The weather was great when I arrived – there was a bit of cloud obscuring the sun’s rays, but otherwise it was fine summers day. I’d been playing the festival in Leicestershire the previous night, so had driven back having stayed in a hotel overnight. I unfortunately missed Derek – that’s him in the photo above, which gives the DJ perspective on these incredible surroundings. Jim followed, and the good vibes flowed and the weather held – that was until about 5.30 when the skies well and truly opened. Freeze were prepared though, having bought 300 plastic rainproofs to distribute amongst the audience, almost all of whom had gallantly braved the downpour, embracing it wholeheartedly rather than letting it spoil their day.
There were a few people who were a little concerned at first, thinking it might cause some to leave, or at least look to shelter, but I knew that, rather than being something negative, this actually added to the occasion. It reminded me of an amazing day at Bestival, during my time as an ‘Invisible Player’, when the Rizla arena, set up with a raised amphitheatre type structure, with people dancing at different levels, experienced one of its most memorable days with people refusing to give up the dance as the rain soaked them (once again rainproofs were available to those who wanted them). The whole spectacle was something else, many of the people in fancy dress – it was wet plastic and umbrellas aplenty, and a whole heap of smiling bobbing humanity.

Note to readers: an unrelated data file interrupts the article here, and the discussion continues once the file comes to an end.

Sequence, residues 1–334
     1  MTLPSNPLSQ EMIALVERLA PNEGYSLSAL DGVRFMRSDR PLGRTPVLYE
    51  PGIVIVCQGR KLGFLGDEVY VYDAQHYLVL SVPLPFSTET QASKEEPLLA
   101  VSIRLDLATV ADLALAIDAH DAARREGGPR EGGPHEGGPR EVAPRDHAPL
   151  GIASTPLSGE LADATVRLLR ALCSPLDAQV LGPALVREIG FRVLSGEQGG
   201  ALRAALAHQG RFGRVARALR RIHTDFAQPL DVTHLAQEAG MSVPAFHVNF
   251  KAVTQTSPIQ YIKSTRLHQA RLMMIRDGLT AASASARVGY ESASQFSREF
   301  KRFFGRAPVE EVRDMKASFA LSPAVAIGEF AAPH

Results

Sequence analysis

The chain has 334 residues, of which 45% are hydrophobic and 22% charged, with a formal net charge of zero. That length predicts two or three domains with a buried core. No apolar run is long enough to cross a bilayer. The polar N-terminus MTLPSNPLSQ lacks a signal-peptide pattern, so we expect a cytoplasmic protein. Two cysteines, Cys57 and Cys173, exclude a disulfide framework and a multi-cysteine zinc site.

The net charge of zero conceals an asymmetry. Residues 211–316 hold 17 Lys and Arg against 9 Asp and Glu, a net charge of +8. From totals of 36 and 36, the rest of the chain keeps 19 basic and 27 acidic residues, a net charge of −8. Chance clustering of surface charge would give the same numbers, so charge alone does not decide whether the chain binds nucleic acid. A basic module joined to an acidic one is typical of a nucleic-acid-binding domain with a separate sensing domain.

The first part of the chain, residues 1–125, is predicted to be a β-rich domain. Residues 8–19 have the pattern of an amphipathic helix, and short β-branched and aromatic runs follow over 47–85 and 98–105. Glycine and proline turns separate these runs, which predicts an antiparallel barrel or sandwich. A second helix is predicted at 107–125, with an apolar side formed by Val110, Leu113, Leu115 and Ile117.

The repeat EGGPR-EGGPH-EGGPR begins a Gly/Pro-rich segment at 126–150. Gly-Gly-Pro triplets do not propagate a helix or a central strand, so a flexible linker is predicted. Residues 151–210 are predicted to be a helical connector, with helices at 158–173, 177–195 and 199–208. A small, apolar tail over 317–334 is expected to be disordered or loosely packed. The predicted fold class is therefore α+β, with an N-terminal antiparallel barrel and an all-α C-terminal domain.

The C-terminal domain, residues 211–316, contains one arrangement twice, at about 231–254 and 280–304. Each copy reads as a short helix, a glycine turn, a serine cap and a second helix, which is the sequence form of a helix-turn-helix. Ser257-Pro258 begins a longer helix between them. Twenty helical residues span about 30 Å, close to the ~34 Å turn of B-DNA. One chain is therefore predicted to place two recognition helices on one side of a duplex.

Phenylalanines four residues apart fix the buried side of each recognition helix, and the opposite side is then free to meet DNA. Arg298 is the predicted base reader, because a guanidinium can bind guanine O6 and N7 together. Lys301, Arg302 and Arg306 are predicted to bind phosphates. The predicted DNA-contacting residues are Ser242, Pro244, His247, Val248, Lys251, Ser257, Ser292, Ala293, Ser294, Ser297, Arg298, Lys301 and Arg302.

This was similar, but also held a spiritual undertone given the surroundings – there was a definite feeling of peace, harmony and love throughout the day; everyone I’ve spoken to since would testify to that. This was Liverpool at its best, and I don’t think it’s over-egging the pudding to say that this event will go down in local clubbing folklore. It was already the hottest ticket in town, having sold out last month – the promoters said they could have sold it out 3 times over. Sometimes this can put too much pressure of expectation on an event, but not on this Saturday afternoon / evening – everything worked out beyond our already sky high expectations. It was a communal experience, and the environment added a poignancy that, if not thought about, was almost certainly felt by the majority of those in attendance.
Just before I went on the rain stopped and things brightened up again (at least for a while). I couldn’t resist the opportunity to open with ‘I Can See Clearly Now’ by Johnny Nash, which added to that sense of shared experience. It wasn’t just the literal meaning of the song, but its metaphorical meaning. Liverpool is on the rise again, and there’s a fresh confidence in the city, and, better still, a fresh heart. I really believe that special things will happen here in the coming years – its cycle is now due. ‘It’s going to be a bright, bright sun-shiny day’.